1 EAGLETON NOTES: Florence

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Thursday, 13 September 2012

Florence

We drove to Florence on Tuesday.  It was a long day.  For those of you expecting a catalogue of the glorious sights of Florence or its buildings or history then you'll be disappointed.  I suspect, however, many of you will just give a sigh of relief.  What you are going to get is some impressions from a person who last visited the city in the days when you could walk into the Accademia and see Michelangelo's David and photograph it and take a picture of your companions with it and no one else.  You could just stand and gaze and wonder at the 4 years it took to create compared with some other works (of art).  I took a picture of a statue in one of the rooms which still hangs with others in my kitchen from a stay in Italy in the late 1990s.  It may be worth a post when I get home.  In those days we wandered round the inside of the The Duomo (Cathedral) (impressive but not really my taste) and climbed up the tower to the top without so much as a wait.

As with all things touristy things have changed.  In this case quite dramatically.  The sheer quantity of people took me by surprise.  

If you are going to Florence by car from Tuscany here is a tip.  Park outside in one of the huge (free) carparks and travel in by public transport.  We parked at Ponte a Greve near the Firenze Scandicci Exit on the A1 Highway and close to the Firenze-Pisa-Livorno Highway. There is a big Coop supermarket right in front.   From here you can easily get to Florence's main central train station, SMN, with the relatively new tram service and you'll be in downtown Florence in 10-15 minutes for €1.20.  Unfortunately it cost us €2.40 because two of us were under the impression (under orders) to buy tickets.  It was interesting giving 6 tickets away.  Explanations were a little beyond my Italian language ability.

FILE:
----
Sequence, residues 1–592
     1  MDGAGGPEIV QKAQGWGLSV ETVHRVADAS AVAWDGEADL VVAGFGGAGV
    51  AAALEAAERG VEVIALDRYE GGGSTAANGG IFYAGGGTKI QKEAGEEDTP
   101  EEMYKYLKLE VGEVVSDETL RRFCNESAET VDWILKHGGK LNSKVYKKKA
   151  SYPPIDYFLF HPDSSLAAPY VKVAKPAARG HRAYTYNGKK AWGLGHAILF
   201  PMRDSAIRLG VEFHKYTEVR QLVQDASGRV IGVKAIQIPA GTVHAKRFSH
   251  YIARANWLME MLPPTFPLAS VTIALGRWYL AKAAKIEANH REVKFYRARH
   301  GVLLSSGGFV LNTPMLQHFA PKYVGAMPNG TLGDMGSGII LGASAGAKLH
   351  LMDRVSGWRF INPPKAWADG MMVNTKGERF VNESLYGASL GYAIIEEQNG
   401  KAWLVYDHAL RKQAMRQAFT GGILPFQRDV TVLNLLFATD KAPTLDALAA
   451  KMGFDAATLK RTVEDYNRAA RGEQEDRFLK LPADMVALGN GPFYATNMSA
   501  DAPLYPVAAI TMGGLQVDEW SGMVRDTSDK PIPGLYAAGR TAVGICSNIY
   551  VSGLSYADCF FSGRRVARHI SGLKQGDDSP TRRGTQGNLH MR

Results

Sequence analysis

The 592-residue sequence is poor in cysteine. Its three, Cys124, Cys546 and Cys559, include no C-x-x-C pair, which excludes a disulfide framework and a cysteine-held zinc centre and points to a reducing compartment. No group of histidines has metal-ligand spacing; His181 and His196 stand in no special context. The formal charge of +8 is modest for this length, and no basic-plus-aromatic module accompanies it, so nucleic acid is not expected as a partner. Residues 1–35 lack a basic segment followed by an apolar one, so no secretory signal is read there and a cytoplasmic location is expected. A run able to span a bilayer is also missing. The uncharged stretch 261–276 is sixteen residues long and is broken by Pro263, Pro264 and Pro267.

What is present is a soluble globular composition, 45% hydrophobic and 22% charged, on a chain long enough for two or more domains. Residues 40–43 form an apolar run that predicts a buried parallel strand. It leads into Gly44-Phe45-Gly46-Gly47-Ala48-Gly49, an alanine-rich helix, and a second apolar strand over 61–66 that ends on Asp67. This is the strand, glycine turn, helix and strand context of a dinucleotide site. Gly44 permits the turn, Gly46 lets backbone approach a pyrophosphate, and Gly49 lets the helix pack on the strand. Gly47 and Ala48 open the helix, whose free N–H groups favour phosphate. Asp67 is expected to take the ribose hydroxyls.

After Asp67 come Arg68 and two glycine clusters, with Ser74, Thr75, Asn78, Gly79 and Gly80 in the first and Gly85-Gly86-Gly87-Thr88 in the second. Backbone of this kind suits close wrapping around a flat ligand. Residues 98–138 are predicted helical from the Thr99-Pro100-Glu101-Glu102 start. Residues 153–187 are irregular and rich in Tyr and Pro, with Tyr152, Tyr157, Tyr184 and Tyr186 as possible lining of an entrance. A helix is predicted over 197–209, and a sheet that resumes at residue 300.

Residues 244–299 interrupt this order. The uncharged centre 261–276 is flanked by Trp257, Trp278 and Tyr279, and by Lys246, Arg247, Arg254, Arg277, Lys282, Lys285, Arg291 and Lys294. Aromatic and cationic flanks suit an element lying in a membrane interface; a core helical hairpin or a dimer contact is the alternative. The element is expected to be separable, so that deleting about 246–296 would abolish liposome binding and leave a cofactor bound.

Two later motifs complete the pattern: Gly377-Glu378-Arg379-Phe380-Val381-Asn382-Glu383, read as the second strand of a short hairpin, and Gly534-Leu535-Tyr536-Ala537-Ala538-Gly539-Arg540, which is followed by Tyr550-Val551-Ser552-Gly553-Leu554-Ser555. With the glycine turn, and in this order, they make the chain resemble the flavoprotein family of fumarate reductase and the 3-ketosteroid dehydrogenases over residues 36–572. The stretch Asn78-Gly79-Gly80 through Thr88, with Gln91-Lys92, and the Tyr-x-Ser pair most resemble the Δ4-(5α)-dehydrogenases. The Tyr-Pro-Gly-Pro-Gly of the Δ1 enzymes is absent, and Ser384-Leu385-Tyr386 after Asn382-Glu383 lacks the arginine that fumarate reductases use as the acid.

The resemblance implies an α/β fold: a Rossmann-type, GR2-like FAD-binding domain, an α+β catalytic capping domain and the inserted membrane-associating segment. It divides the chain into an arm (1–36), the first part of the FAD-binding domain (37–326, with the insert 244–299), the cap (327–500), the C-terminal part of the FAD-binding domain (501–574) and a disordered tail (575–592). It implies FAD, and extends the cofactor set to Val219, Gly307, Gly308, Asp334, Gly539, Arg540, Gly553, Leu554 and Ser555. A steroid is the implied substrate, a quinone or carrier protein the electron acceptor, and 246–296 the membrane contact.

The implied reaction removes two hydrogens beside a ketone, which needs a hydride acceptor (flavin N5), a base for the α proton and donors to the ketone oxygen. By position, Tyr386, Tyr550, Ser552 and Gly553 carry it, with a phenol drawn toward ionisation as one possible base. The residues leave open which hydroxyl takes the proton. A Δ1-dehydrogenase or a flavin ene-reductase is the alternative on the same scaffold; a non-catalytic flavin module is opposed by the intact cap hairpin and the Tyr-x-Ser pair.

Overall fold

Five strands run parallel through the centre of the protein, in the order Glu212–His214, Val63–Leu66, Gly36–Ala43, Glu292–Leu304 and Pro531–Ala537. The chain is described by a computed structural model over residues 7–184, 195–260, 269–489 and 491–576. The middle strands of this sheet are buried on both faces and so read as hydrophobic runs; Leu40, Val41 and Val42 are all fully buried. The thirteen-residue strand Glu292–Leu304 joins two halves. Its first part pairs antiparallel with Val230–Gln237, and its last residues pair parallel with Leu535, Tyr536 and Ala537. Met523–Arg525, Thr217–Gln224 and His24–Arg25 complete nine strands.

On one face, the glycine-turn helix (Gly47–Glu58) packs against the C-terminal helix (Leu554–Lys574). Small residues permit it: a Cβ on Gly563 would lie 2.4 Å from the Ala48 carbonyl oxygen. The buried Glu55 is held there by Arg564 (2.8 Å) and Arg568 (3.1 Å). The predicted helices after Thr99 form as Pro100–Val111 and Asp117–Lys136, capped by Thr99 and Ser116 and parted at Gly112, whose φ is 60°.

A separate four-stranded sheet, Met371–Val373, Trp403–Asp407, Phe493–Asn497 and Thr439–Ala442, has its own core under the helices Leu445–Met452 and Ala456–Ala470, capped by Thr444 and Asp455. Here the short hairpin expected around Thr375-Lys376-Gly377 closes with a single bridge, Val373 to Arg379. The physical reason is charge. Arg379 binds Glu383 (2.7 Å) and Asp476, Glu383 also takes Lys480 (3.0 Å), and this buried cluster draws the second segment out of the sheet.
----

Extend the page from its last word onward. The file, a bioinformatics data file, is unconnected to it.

Outside the Duomo and the Baptistry: just hordes not queues

Going from the Duomos to the River Arno
Along the Arno to the Ponte Vecchio
The outside of the Duomo is beyond description in its detailed magnificence and workmanship
A whole building of such detail
The Piazza Della Signora with the traditional horse drawn 'taxis'

The 'outside' David and the Palazzo Vecchio.  Every tour guide carries an identifier but this was definitely the most noticeable.
And from one of the most respected and highbrow museums of art in Italy comes possibly the tackiest piece of 'art' ever seen:


I'm not sure whether one is allowed to photograph the Municipal Police in Italy but Florence has quite a lot of them.  Most seem to be female and all seemed friendly and smiled a lot and some wore marvellous earrings.  However I wouldn't argue with anyone packing a 9mm pistol like they do.  Of course this will not look unusual to my North American or even my Australian readers but to anyone in the UK or New Zealand it's a bit scary - especially as discharging  a gun of that (or any) calibre in a crowded city centre is likely to result in collateral injury.



 To be continued......

14 comments:

  1. Let's see. I have several comments on your post.
    Firstly, great photos, as always GB.
    Secondly, I'm sure I would not do well in the midst of allll those people.